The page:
Living in the red-meaty part of the health curve

A lot of people in Alamance County are fat, drink too much, don’t get all the exercise they should, actively ignore healthy foods and have bad mental health days. On more occasions than they can count, many just don’t feel good.

I know, join the club, right? Zack’s hot dogs with Cheerwine taste good. Who wants to get up from the lounger and take a walk – especially if there’s a tasty craft beverage or margarita within grabbing distance? I hear that some people even continue to smoke cigarettes, which defies common sense in terms of health and economy. Even I quit smoking in 2002 because the damn things were too expensive. They smell bad, too.

bad stuffSo yeah, people in Alamance County have a list of bad habits longer than the number of things Republicans and Democrats disagree about — speaking of bad habits.

Anyway, in most ways, though, Alamance County folks are actually pretty average, especially compared to others in North Carolina – we’re right there in the middle – the “meaty part of the curve” as the line of sarcasm usually goes. They’re in the solid C-D range when it comes to overall health and wellness. Not a great grade — barely passing – yet still above failing.

But you know where Alamance County is actually above the state average? Premature deaths.

Suddenly average doesn’t sound like such a passing score after all.

Alamance County health officials have worked for the past several years at improving the overall wellness of residents. The efforts have made some headway, but we still trail nearly all of our immediate neighbors in overall health, according to County Health Rankings, a collaboration between the Robert Wood Johnson Foundation and the University of Wisconsin Population Health Institute. It’s an ongoing study of health habits in all 100 North Carolina counties. The latest figures were released earlier this week.

Alamance County ranked No. 48 of 100 – in the middle, the meaty part of the curve. Call it the fatty, red-meaty part of the curve.

While some might argue that it could be worse – and it is in rural Caswell County, our lowest ranked neighbor checking in at No. 64 – it could be far better. Orange County, our highest-ranked neighbor, scored No. 2, trailing Wake County. Alamance and Orange share the city of Mebane. We also trail Chatham (8), Guilford (21) and Randolph – but just barely (47). Even my native county of Stokes, a place almost as rural as Caswell, scored better than Alamance County coming in at No. 38. Hell, smoking was almost invented in Stokes County.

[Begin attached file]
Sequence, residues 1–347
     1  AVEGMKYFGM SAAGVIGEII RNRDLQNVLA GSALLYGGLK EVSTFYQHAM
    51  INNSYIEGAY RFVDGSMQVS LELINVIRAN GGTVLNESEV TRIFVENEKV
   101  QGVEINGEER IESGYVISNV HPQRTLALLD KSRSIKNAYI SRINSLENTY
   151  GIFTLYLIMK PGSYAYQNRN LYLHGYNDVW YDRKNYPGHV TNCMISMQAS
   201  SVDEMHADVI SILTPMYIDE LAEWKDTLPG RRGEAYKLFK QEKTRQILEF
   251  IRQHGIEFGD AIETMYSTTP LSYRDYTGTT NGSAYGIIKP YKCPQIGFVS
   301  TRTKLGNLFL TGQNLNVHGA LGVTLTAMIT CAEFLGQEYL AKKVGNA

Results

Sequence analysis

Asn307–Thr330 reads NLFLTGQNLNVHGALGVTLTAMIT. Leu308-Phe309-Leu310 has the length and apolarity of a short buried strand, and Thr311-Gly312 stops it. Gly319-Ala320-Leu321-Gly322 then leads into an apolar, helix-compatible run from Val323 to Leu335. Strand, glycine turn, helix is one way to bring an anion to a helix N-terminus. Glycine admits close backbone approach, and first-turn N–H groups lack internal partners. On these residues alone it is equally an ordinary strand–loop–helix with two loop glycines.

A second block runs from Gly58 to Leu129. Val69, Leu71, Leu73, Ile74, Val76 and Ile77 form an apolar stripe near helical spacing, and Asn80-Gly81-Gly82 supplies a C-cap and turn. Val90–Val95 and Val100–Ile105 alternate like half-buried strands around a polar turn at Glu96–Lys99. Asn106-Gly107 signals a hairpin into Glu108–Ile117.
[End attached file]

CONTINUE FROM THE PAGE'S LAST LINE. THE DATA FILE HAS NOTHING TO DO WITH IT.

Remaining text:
Can we do better? Yes. Should we? I’d say so. At the very least it’s worth discussing.

Welcome to the next topic for our Community Connections forum, this one set for 7 p.m. April 11 at Elon University’s Moseley Center. The title is “The Role of Health and Wellness in the Advancement of a Community.” This will be the third and final forum for the current school year. And even though the national political focus seems to be on the Affordable Care Act and its future, lack of a future or whatever incarnation politicians (who know jack squat about health by the way) come up with, overall public health and wellness is a key part of that discussion often left behind. Healthier people overall puts less strain on a beleaguered health system. For individual communities it also creates clearer thinking people, better workplace production and stronger achievement in education.

In short, a community that cares about the physical and mental health of its citizens is one that’s much stronger, more capable and successful.

So yeah, this is very much worth talking about.

The Community Connections program, as many already know, is a four-year partnership between Elon University – my current employer, and the Burlington Times-News – my former employer. This year I’m helping the program at both sites. It was designed to bring together the Elon campus community and the Alamance County community to have engaging discussions about important issues we face as a nation, a state and a region. Previously this academic year we held sessions about the future of the two-party system and free speech.

No issue out there is drawing more discussion than health these days, but not a lot of time is taken with this part of it – keeping people on track to live healthier lives. And it might be the most significant of all when everything is considered.

We have assembled a strong panel consisting of two local health professionals and one professor at Elon University. One, Kathy Colville, director of Community Outreach for Cone Health, has a strong history of working to improve wellness in Alamance County. She is joined on the panel by Alamance County health director Stacie Saunders and Katherine Johnson, an assistant professor of public health studies at Elon.

Our moderator will be Naeemah Clark, associate professor of communications at Elon. She has handled the job with aplomb for the first two sessions this year.

Remember that admission is free and it’s open to the public. Parking is across the street from the Moseley Center. The meeting area inside is the McKinnon Room. As always, refreshments – including cookies – will be provided after the forum ends at around 8:15 p.m.

In the meantime look for me at Zack’s. I could use a hot dog with a Cheerwine. I’ll have them hold the fries. I’m watching my weight.

One thought on “Living in the red-meaty part of the health curve

  1. Pingback: Poignant moment: ‘What is the county doing?’ about health issues | Madison's Avenue

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